SDG 12: Responsible consumption & production – This project aims to promote soil health and fertility and to restore and preserve ecosystems. In addition, by supplying growers with trees of various species, this project
encourages and facilitates income diversification for producers, thereby contributing to the improvement of their off-farm resilience and reducing their dependency on the demand of cocoa.
SDG 13: Climate Action – Carbon sequestration/creation of carbon sinks contributes to the global effort to combat rising temperatures by reducing the amount of greenhouse gases in the atmosphere. Training producers and communities on agroforestry enables them to pursue these initiatives on their own and to cascade these benefits over the long term and across generations.
SDG 15: Life on Land – Agroforestry helps preserve biodiversity. The trees and hedgerows in the fields promote the diversity of species and habitats. This biodiversity is beneficial to insects, crop helpers and pollinators. Soil fertility can also be improved by the leaves of trees falling on the soil, providing an important supply of biomass that can be mineralized. This project also makes farmers’ plots more resilient to climatic hazards by improving their microclimates.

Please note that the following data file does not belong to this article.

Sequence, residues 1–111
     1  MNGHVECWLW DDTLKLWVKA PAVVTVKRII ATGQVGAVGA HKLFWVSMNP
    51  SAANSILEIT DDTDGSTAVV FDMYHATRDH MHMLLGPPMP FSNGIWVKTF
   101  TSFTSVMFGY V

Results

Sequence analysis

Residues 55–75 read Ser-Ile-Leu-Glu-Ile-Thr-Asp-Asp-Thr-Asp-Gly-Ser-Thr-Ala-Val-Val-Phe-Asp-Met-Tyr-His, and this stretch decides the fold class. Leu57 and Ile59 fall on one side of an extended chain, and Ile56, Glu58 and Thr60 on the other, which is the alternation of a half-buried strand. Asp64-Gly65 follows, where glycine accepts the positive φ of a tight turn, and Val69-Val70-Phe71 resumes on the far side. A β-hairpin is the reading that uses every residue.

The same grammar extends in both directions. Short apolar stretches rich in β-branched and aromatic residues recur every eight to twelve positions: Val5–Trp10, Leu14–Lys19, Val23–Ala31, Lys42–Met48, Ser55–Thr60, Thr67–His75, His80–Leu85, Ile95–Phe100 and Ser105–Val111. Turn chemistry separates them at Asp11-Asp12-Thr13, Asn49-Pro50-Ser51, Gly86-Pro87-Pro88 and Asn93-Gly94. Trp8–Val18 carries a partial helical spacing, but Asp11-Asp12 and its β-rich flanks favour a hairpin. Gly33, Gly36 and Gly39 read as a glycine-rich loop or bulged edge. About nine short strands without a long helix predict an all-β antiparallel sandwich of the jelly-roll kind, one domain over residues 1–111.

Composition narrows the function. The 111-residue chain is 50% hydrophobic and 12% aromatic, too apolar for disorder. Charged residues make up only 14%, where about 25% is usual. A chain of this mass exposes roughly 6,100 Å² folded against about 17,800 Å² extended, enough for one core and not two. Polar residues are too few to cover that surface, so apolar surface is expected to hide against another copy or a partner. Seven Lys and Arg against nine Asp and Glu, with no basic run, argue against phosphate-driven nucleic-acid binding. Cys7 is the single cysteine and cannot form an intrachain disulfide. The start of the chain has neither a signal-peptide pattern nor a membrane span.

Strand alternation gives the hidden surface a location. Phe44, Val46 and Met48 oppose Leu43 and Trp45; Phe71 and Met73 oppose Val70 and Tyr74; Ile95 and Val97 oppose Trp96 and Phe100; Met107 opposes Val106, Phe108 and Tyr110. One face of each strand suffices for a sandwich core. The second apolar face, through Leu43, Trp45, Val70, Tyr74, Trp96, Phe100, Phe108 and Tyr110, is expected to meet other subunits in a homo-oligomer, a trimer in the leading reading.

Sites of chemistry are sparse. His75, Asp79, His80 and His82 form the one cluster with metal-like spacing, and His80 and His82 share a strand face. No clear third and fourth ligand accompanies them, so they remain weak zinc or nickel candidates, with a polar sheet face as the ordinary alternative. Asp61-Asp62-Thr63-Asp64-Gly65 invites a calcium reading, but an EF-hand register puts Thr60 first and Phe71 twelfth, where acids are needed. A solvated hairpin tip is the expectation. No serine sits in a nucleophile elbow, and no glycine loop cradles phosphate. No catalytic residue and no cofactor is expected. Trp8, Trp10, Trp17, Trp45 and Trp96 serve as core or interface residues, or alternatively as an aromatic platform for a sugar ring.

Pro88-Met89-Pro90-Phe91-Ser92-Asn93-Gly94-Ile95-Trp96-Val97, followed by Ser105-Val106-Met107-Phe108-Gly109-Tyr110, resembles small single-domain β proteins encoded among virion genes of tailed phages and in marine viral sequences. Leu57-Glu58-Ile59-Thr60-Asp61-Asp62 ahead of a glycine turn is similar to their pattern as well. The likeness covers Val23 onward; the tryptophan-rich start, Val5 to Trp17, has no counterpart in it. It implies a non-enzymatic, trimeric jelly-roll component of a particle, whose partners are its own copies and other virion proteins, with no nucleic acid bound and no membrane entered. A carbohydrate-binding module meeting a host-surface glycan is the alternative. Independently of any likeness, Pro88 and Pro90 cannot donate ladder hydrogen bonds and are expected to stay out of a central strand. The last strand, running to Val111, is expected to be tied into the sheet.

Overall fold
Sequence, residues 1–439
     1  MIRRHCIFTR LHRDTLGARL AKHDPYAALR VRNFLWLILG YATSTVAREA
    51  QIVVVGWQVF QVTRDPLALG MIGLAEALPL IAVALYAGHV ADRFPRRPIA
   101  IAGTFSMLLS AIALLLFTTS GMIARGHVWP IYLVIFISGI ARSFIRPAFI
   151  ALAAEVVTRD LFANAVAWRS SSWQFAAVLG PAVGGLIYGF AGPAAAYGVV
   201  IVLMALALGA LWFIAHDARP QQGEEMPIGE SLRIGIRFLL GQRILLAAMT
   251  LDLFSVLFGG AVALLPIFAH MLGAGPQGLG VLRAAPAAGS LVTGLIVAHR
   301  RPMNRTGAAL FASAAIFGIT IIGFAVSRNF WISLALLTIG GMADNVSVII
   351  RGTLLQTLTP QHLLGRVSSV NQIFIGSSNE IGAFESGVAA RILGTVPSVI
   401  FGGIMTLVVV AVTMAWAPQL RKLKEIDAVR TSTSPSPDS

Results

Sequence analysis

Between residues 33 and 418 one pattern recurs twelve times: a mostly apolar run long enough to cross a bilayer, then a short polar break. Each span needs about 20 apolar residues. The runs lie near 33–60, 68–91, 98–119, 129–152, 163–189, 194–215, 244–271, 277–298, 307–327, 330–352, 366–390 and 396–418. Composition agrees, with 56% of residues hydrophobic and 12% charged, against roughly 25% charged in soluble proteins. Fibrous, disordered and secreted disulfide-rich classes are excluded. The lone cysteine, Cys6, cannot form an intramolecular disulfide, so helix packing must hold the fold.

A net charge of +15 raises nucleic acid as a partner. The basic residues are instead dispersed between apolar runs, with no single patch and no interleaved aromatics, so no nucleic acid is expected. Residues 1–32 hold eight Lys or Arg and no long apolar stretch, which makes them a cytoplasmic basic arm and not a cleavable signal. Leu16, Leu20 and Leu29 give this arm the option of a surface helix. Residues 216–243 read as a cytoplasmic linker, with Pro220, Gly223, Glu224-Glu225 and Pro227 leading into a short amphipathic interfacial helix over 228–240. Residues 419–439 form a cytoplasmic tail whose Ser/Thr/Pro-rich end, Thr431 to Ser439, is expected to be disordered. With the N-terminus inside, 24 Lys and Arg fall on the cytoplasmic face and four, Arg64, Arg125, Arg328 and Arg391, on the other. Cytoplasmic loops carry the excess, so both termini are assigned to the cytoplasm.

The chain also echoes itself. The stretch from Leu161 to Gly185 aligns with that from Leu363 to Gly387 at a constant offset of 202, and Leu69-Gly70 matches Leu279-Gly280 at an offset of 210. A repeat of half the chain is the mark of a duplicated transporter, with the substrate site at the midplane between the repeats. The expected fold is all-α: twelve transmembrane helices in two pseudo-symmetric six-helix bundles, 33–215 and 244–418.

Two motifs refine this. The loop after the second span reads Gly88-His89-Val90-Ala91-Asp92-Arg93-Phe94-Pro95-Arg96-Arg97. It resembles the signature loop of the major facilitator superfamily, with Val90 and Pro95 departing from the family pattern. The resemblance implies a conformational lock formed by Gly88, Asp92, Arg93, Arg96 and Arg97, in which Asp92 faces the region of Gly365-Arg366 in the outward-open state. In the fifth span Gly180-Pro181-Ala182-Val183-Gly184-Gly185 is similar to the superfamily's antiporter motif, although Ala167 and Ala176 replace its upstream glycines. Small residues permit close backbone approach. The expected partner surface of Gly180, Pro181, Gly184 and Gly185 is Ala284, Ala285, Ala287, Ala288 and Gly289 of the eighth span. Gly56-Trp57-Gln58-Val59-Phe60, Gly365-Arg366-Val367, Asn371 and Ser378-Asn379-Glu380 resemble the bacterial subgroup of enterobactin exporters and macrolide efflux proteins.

SDG 17: Partnerships – This project brings together Sucden, PUR Projet and the communities belonging to the SCAEDA cooperative to implement a community-based agroforestry model that empowers farming families through income diversification, the preservation of ecosystems, the optimization of plantations (and their yields) and the creation of carbon sinks.
Replication of the project is subject to additional funding. PUR Projet’s build capacity within SCAEDA’s communities to adopt agroforestry, creating key roles at a local scale from nursery maintenance to transportation logistics and planting assistance. The expertise transferred to the communities will enable them to continue to undertake agroforestry projects on a voluntary basis. The impact on the climate is subject to the number of trees planted (among other variables).
Through this agroforestry project, a partnership has been established between PUR Projet and the Sucden Foundation.